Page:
Last edited by sheffield hatter; 15-03-2020 at 22:49.
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    If I go to a pub I tend to try and go through the card (dross like Doom Bore & Bass excluded). As a result price is important. In my view drinking a third or a half is not enough to judge a beer unless it's really rank. If I'd been in the Shakespeare with you I would have wanted to try all those beers but only pints. Halves and thirds are not on the agenda for me.

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    This ties in to the trend in pubs of this type to offer different volumes of beer (variously thirds, halves, two-thirds and pints) possibily according to strength or 'desirability' but mainly price. It balances out the headline price somewhat but you end up with less beer. The only good thing I can say about it is that it is less anti-social if a round is being bought!
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    Quote Originally Posted by Aqualung View Post
    If I go to a pub I tend to try and go through the card (dross like Doom Bore & Bass excluded). As a result price is important. In my view drinking a third or a half is not enough to judge a beer unless it's really rank. If I'd been in the Shakespeare with you I would have wanted to try all those beers but only pints. Halves and thirds are not on the agenda for me.
    Are you sure?

    I had five beers in Shakespeare's on Friday 13th: four halves (average about 6.5%) and a one-third share of a half of the 20% Taxi Vader. Total units of alcohol 7.3. If you'd been there and upgraded each beer to a pint, that would have been about 22 units, equivalent to nine pints of Bass. You'd have set your kitchen on fire this time!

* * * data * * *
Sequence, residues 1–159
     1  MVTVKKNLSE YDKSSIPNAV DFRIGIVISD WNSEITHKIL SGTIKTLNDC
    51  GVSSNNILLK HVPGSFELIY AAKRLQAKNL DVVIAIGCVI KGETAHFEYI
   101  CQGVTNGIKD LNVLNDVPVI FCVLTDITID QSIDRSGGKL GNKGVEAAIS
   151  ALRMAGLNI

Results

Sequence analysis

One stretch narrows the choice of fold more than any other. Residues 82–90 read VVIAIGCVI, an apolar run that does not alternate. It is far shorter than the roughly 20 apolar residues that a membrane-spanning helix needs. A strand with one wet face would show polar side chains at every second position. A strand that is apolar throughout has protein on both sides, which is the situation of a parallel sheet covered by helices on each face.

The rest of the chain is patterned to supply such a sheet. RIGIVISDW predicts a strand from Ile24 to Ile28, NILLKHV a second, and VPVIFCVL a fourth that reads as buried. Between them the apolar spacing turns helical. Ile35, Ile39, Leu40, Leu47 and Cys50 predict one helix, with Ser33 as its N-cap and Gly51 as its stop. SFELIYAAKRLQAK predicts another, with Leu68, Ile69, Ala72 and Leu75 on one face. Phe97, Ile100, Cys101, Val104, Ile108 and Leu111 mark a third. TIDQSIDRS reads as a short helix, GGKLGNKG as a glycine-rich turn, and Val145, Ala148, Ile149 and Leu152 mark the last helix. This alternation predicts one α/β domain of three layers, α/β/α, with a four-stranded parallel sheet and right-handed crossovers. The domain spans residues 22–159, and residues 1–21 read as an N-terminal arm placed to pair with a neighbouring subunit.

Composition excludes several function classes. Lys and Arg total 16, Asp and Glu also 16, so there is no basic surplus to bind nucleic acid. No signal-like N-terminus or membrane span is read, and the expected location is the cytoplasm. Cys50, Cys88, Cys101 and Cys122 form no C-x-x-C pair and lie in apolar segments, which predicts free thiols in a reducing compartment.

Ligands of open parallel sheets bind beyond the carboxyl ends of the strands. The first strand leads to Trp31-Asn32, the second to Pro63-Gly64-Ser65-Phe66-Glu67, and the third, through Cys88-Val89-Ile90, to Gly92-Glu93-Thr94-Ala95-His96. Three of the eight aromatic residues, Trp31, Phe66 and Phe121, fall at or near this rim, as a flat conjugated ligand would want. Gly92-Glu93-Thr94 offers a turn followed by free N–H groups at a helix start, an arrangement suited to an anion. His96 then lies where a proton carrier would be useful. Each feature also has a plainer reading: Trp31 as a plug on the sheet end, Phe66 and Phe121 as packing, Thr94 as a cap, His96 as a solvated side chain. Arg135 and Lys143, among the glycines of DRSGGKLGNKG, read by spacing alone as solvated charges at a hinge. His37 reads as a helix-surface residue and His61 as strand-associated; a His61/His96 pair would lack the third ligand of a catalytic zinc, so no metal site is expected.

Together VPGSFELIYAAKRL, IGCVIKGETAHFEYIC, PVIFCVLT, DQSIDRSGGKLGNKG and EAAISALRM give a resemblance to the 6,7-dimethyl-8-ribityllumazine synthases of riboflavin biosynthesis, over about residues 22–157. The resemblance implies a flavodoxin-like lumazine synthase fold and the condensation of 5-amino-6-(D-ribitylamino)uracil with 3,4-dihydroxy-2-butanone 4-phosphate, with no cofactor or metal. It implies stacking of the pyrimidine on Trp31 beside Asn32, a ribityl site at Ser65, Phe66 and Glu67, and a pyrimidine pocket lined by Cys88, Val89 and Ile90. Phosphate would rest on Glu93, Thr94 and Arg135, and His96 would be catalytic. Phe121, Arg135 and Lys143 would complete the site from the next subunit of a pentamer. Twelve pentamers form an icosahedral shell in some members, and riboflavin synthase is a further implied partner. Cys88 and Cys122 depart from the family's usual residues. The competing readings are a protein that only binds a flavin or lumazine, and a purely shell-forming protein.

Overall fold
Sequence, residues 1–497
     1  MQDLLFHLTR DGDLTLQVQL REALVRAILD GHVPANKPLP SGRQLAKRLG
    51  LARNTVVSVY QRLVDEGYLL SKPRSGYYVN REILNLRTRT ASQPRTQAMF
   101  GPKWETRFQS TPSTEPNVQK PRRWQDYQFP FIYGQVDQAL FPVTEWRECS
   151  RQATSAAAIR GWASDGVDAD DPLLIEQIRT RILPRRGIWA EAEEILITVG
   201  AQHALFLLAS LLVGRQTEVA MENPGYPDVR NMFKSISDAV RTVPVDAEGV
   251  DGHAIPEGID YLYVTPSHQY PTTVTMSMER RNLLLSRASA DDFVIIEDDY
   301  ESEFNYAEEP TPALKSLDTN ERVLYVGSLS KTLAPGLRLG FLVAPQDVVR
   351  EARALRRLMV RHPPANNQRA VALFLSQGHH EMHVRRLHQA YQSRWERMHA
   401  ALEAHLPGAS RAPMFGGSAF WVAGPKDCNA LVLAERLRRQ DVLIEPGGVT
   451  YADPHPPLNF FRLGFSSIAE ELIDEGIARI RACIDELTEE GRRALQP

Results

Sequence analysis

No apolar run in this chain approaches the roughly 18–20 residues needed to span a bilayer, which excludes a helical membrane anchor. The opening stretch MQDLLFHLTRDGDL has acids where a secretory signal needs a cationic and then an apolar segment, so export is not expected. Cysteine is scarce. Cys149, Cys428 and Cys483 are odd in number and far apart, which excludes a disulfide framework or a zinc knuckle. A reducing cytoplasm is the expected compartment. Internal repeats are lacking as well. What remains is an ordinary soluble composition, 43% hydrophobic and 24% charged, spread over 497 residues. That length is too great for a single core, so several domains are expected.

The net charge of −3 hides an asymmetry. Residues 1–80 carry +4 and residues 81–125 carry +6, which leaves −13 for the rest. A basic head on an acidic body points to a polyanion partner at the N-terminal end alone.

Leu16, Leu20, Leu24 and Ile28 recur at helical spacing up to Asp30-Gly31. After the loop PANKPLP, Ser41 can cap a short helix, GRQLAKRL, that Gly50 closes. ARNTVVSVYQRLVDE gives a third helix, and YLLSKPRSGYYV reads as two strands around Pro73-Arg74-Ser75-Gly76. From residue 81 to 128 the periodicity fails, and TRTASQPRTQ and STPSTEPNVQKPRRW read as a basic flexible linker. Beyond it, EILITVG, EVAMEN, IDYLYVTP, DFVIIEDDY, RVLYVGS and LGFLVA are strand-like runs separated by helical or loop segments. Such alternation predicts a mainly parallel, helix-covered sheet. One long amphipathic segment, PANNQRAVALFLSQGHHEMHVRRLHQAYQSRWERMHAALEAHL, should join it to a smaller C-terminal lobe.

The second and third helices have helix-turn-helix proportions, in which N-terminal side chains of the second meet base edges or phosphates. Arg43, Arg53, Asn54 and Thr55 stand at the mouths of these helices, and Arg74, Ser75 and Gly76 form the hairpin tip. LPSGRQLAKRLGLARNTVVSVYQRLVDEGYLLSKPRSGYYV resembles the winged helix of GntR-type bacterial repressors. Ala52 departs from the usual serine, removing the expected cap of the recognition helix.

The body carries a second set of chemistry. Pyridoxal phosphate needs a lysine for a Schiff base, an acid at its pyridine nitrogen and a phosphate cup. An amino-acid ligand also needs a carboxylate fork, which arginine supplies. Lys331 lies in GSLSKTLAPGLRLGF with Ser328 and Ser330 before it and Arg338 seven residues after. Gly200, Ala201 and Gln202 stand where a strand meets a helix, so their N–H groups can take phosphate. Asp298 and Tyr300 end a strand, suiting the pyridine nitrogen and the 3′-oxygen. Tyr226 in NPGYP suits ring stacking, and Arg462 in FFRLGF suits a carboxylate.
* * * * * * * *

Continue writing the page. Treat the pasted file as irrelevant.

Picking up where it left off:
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    Quote Originally Posted by Pangolin View Post
    This ties in to the trend in pubs of this type to offer different volumes of beer (variously thirds, halves, two-thirds and pints) possibily according to strength or 'desirability' but mainly price. It balances out the headline price somewhat but you end up with less beer. The only good thing I can say about it is that it is less anti-social if a round is being bought!
    I agree with you that it's hard to see what's going on when looking at a board with beers priced seemingly randomly in thirds, halves, schooners and even pints. However, beers at Shakepeare's are all priced in pints, with conversion to halves, and thirds where the beer is 6% or more. They were not selling the 20% beer in pints.

    If you're drinking in rounds, it's crazy to drink a pint of 6% or more while everyone else is drinking 4%. Why not drink a bit less liquid for the same amount of alcohol? Drinking a half of a stronger beer doesn't mean you're a wuss. And even if you're a wuss, isn't that better than doing serious damage to your liver?

    Or is it just me?
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    Quote Originally Posted by sheffield hatter View Post
    Are you sure?